1. This site uses cookies. By continuing to use this site, you are agreeing to our use of cookies. Learn More.
  2. Hi Guest, welcome to the TES Community!

    Connect with like-minded education professionals and have your say on the issues that matter to you.

    Don't forget to look at the how to guide.

    Dismiss Notice

Small school with exceptionally high level of poor behaving and special needs children

Discussion in 'Behaviour' started by peterjsmith, Jun 28, 2011.

  1. My daughter attends a small primary school, 140 children.
    Her year group has an exceptionally high level of poor behaving and special needs children which has been acknowledged by the teaching staff.
    Over the last 9 months the school has thrown all the resources and time it can to support these children, howevver the issues remain. The problem is not the type of problem its simply the size of it and it is not going to go away. These children will need support for the rest of their time at the school.
    In instances like this, where through not fault of anyones, the school is simply not able to cope what happens?
    Are more resources thrown at the problem?
    Is it possible to reduce the size of the problem and switch children to other schools who do have the resources to support them?
    Any help much appreciated

  2. Tom_Bennett

    Tom_Bennett Occasional commenter

    In my experience, unfortunately, what happens is that the situation endures, and people learn to cope in a variety of ways, not all of them helpful.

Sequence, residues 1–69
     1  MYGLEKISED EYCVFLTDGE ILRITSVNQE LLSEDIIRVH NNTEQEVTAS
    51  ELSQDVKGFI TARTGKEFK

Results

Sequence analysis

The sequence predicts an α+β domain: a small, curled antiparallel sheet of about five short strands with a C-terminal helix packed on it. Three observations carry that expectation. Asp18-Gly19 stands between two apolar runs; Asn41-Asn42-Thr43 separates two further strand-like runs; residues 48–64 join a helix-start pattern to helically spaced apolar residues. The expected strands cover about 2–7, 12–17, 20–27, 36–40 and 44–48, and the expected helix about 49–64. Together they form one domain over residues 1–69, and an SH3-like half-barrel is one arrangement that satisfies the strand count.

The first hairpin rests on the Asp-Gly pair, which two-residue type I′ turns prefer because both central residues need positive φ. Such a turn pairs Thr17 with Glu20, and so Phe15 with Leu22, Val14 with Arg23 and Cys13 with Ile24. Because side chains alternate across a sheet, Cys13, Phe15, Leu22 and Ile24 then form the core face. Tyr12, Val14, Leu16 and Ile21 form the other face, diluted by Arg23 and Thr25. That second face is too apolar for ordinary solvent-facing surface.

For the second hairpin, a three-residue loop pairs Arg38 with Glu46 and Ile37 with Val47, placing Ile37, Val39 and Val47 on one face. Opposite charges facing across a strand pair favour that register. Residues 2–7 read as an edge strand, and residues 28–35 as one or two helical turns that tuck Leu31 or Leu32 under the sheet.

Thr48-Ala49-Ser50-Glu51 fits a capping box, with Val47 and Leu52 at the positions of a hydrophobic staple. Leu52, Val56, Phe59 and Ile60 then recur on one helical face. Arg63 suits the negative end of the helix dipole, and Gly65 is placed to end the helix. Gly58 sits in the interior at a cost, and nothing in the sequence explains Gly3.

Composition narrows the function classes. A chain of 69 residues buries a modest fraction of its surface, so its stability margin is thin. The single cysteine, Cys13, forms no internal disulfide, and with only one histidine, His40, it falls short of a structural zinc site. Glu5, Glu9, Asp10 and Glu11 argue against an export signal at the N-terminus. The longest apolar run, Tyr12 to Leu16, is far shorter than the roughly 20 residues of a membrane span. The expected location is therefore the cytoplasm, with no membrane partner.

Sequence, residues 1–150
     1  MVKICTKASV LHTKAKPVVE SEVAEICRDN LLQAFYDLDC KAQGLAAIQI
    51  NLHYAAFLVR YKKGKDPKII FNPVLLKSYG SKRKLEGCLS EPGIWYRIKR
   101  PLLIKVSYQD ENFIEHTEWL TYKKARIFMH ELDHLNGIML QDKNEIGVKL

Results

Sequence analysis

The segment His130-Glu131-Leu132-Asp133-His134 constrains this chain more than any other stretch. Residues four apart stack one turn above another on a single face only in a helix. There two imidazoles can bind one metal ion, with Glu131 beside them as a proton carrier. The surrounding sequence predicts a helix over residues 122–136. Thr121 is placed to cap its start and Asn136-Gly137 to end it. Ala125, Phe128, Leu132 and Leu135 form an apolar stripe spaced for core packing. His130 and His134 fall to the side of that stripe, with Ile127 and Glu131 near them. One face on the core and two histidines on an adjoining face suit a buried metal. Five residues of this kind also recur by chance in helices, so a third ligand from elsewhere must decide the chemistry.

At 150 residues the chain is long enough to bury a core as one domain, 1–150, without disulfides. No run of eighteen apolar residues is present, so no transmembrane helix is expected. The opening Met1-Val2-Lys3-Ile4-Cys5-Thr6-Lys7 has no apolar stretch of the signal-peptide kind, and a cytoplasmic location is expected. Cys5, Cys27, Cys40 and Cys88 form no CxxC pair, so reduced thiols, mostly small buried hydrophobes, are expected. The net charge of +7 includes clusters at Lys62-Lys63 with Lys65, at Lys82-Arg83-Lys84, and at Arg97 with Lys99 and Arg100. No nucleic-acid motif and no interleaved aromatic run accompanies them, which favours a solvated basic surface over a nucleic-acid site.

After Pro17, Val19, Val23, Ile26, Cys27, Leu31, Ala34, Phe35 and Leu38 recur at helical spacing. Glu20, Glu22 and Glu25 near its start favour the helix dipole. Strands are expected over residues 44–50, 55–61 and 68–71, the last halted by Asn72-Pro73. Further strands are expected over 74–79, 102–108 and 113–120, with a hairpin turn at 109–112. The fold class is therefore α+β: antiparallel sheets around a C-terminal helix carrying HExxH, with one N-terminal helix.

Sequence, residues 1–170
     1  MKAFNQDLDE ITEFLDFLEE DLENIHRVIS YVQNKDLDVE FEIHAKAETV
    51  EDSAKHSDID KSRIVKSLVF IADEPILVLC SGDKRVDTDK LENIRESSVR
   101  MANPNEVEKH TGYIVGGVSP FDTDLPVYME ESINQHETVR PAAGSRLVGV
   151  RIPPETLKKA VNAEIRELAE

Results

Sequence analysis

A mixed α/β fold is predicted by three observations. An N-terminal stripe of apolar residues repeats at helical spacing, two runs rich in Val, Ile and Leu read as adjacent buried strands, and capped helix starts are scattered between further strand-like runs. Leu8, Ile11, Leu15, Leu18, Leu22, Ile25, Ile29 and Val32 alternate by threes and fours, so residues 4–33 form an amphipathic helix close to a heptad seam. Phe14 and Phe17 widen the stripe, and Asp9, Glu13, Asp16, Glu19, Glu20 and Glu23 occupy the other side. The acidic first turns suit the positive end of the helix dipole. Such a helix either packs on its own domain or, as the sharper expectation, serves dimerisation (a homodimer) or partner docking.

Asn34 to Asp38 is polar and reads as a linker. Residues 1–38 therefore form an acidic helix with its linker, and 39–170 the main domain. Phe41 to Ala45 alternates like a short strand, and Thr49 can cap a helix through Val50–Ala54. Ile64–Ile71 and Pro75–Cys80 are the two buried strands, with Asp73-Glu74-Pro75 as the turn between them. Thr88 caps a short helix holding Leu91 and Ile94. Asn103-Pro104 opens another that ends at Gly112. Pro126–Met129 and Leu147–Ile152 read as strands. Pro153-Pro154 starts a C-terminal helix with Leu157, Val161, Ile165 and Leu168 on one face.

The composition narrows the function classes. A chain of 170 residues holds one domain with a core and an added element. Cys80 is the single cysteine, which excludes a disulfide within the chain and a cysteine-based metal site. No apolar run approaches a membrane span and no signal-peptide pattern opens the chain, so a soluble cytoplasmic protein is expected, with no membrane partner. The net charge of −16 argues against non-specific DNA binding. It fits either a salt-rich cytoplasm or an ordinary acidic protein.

There are many problems to this: SEN kids usually only get targeted support when they have been statemented, and there is some evidence to support the idea that many LEAs make identification a difficult process. Other LEAs are more helpful- but it all costs money, money, money. And there appears to be precious little of that commodity floating around right now.
    What is never recognised is the problem of the Tipping Point. By this I mean that even if statemented kids do get recognition, and a concomitant allocation of LEA funding for support, dealing with SEN kids is not as simple a matter as multiplying support in a linear way. Having one SEN kid in a class is manageable; having ten, and it's a completely differrent class, and the difficulty in teaching it grows exponentially. In other words, if a year group is spiking in terms of its SEN demographic, there are no additional resources to compensate for the skewed nature of its composition. The school can't switch pupils out- only parents can try to make this move, although managed moves can be negotiated between carers and schools.
    Not a happy picture to paint, I'm afraid, but this is the reality we face. And I gather that we face an enormous bubble in the pipe coming in a few years from foetal alcohol syndrome on an upswing. Some problems, we can see them coming.
    Good luck

Share This Page